Android malware is getting more and more sophisticated. To impede analysis, modern malware families use various anti-analysis techniques such as code encryption, packers, code obfuscators, and detectors for emulators, rooted devices, or hooks as well as integrity checks. Current static code-analysis tools such as apktool or JEB quickly reach their limits with heavily obfuscated code. Dynamic code analysis tool, on the other hand, are frequently tricked by emulator detection. If malware application use such techniques in combination, this can cause many automatic code-analysis tools to fail, due to their intrinsic limitations, leaving a manual analysis as the only viable option - a very difficult and time-consuming undertaking.
To alleviate the problem, we propose CodeInspect, a new integrated reverse-engineering environment (IREE) targeting sophisticated state-of-the-art malware apps for Android. With features such as interactive debugging on a human readable representation of the application’s bytecode, CodeInspect aims to greatly reduce the time an analyst requires to understand and judge applications. CodeInspect relies on the well-known Eclipse RCP framework, giving a familiar experience to users already familiar with Eclipse. Using CodeInspect, the engineer can debug the app live, can rename (obfuscated) identifiers, jump to definitions, remove or add statements and more. Reverse engineers can even add new Java source classes or projects into the application, which can then be called from the original app’s code. CodeInspect then compiles the Java source code modified this way directly into the original application. This is especially useful when implementing decryption methods which can be directly tested within our framework.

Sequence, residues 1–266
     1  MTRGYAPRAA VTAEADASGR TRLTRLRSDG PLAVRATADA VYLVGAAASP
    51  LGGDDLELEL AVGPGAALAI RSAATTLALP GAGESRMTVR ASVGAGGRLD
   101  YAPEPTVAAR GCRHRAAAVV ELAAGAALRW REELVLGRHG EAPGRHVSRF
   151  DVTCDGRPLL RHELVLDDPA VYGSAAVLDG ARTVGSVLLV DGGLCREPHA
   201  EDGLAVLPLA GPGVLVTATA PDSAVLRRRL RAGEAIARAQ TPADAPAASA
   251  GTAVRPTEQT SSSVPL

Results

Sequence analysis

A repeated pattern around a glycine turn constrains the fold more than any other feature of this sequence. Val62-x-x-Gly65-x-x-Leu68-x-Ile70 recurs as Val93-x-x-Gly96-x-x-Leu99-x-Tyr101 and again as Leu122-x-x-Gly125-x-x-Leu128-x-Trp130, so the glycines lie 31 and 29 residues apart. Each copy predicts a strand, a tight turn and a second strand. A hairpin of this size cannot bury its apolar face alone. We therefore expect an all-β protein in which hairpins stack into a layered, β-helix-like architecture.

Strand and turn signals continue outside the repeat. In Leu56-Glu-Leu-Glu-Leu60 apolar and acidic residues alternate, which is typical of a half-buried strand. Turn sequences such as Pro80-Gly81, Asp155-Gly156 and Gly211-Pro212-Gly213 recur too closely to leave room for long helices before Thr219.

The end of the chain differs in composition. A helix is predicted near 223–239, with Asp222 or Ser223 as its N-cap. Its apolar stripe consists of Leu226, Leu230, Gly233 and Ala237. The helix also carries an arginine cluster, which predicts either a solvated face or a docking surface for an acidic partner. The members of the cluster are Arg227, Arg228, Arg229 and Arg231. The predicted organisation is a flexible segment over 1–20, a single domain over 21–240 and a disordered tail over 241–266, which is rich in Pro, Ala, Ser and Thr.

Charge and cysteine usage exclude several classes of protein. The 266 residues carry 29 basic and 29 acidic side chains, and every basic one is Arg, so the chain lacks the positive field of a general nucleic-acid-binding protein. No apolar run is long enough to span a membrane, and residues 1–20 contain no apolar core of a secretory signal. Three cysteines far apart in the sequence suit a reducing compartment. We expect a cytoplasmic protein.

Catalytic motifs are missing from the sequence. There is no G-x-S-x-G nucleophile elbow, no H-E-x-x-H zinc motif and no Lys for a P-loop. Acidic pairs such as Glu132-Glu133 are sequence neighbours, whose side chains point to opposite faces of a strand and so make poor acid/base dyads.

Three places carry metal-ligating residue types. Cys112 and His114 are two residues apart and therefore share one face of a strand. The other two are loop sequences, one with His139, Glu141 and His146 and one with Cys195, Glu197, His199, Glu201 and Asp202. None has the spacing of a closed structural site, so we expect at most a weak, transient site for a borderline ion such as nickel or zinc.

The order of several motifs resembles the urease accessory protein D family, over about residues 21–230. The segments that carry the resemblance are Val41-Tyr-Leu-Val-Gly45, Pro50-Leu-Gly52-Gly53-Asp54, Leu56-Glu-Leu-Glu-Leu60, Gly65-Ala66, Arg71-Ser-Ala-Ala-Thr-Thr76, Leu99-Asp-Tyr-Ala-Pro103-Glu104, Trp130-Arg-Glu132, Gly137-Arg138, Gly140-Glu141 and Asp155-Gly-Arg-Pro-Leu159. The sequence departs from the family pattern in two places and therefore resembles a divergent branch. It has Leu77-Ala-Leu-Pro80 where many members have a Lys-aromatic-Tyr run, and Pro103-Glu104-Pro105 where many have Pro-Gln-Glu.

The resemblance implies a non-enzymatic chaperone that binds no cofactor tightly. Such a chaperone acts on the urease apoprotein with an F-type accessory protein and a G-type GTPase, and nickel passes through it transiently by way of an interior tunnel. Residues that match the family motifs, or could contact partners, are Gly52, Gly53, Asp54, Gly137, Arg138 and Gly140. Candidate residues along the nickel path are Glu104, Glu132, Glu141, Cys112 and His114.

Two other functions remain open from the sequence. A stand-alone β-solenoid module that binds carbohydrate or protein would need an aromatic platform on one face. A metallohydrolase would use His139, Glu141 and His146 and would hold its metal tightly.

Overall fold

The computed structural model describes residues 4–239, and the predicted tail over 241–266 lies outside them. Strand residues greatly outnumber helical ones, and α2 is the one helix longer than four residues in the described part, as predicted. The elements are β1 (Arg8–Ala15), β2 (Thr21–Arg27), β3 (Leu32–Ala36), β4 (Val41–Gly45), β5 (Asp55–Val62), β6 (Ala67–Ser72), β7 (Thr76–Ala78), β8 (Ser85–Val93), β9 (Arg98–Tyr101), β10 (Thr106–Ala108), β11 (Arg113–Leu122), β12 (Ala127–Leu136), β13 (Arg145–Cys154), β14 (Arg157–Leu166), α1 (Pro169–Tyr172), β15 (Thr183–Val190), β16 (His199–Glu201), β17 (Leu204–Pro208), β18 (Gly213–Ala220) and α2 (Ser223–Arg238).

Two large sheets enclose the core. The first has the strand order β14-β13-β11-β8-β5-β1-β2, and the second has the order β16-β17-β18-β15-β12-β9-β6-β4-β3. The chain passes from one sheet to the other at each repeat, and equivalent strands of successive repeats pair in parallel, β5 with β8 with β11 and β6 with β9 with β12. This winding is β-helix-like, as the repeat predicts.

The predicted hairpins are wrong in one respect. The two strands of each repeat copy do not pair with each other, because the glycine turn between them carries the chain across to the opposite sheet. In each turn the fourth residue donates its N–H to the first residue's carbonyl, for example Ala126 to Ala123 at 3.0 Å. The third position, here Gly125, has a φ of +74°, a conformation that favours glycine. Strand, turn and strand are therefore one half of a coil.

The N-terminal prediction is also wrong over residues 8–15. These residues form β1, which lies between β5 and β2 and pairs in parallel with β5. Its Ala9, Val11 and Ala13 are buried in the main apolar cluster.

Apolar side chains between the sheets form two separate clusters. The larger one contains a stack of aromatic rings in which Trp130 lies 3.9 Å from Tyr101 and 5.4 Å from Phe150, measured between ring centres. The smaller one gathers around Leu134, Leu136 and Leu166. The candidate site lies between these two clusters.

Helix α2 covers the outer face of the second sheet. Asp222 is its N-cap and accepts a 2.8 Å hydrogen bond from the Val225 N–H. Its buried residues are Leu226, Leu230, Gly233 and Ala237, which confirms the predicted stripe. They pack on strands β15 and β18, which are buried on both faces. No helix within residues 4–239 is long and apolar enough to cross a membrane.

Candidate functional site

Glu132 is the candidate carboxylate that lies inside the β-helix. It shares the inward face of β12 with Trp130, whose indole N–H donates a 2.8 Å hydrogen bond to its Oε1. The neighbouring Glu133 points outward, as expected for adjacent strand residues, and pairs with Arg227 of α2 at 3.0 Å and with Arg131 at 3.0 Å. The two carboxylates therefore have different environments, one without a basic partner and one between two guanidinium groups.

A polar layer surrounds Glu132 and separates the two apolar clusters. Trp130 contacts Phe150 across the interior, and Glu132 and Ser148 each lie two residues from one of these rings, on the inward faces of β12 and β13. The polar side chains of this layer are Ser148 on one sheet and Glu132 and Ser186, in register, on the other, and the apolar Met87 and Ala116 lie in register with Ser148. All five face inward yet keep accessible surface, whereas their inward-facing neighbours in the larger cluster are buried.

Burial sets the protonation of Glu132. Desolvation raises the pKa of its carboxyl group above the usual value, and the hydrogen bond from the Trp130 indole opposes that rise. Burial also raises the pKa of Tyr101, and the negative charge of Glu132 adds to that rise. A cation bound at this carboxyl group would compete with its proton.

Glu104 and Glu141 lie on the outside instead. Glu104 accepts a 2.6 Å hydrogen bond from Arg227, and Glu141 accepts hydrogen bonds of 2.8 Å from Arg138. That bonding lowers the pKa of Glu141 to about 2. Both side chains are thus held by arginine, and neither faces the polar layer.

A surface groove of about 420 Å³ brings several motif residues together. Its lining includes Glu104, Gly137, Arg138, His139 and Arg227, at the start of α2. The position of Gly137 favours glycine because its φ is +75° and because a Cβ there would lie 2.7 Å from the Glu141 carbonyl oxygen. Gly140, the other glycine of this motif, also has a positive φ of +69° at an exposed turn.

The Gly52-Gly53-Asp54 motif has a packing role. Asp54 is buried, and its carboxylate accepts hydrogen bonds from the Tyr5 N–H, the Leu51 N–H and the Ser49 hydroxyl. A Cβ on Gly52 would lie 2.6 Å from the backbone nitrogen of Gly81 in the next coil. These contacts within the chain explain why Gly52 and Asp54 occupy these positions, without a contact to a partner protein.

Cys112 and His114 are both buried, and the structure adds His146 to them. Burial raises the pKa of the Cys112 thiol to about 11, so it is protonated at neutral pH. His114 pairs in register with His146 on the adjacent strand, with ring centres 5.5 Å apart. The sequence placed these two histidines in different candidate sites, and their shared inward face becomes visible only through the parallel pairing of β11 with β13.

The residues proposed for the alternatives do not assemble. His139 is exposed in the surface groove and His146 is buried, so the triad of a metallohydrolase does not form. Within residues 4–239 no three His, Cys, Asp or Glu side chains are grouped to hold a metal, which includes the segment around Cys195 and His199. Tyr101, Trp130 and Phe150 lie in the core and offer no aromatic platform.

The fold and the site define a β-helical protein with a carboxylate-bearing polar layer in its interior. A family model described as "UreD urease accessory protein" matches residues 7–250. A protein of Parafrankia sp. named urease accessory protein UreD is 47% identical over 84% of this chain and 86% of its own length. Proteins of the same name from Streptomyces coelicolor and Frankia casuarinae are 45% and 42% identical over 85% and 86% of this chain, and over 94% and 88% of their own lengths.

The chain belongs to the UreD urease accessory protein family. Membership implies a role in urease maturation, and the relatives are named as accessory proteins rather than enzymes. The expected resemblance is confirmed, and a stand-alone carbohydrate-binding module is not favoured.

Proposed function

On top of the above CodeInspect includes new code-analysis techniques that, to the best of our knowledge, do not exist in any other equivalent tool. These techniques include a fully-automatic de-obfuscation of reflective method calls, string de-obfuscation and a very precise data-flow tracking component that shows suspicious flows from sensitive sources to public sinks, all of which can be easily used in combination.
We will give an introduction into “Jimple”, which is CodeInspect’s typed intermediate language, and contrast it to register-based languages such as the one used in IDAPro. Being very close to source code, Jimple significantly eases the task of analyzing Android apps. Next, we describe the features of CodeInspect, especially the Jimple debugging feature and give a live demo on analyzing current malicious applications containing cutting-edge anti-analysis techniques. An excerpt of CodeInspect can be found on our website.
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